Did you ever wonder what would happen if Ice Road Truckers was turned into a movie? This is it. Ice road trucking finally hits the silver screen.

Liam, who apparently does 100 old man action flicks a year in his sleep now, stars as Mike McCann, an old trucker recently fired after punching out a fellow trucker who was making fun of his brother, Gurty, (Marcus Thomas) a war veteran who suffers from PTSD and aphasia, meaning everyone’s trying to put the poor guy in a home which would be a waste as he can take apart and reassemble a truck engine like nobody’s business.

Long story short, a bunch of miners get trapped in a mine after a gas explosion caves them in. Holt McCallany, the toughest tough guy to ever come out of Netflix, plays the head miner who has to keep the other miners from flipping out while the company assembles a rescue team.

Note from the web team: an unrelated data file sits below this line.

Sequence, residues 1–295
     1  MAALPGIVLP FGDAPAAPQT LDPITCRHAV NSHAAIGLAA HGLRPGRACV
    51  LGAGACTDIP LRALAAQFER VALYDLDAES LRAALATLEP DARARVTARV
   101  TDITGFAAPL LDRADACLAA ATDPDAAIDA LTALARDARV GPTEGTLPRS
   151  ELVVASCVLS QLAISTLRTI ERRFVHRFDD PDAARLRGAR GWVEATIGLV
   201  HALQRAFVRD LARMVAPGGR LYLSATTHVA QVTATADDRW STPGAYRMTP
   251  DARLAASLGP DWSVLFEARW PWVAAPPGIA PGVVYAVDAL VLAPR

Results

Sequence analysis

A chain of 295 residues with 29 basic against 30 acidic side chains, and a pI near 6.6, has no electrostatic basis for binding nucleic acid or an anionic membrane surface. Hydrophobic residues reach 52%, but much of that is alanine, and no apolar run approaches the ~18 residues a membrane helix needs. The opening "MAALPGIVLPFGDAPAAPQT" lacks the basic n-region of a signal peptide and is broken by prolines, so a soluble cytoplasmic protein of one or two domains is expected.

Said team takes the form of Liam’s Mike and brother Gurty, Tantoo, a sassy Native truck driver Tantoo (Amber Midthunder) and Laurence Fishburne as Jim Goldenrod, who must drive a three truck convoy over the icy roads that traverse various bodies of water in the icy depths of Canada. As we are told in great detail, ice road trucking is a dangerous feat, for to drive too fast or too slow or to make any mistake, really, will result in a big rig and its driver plunging into the ice, never to return. One wonders why anyone does it in the first place, though I suppose those who dare are super macho and deserving of much praise.

Ah, but there is danger afoot as evildoers want to stop the convoy from bringing the much needed rescue equipment to the collapsed mine. Much to my surprise, Matt McCoy is the villain of the film, and I haven’t seen that guy in a movie since he played Mahoney’s replacement in the later installments of the Police Academy movie series.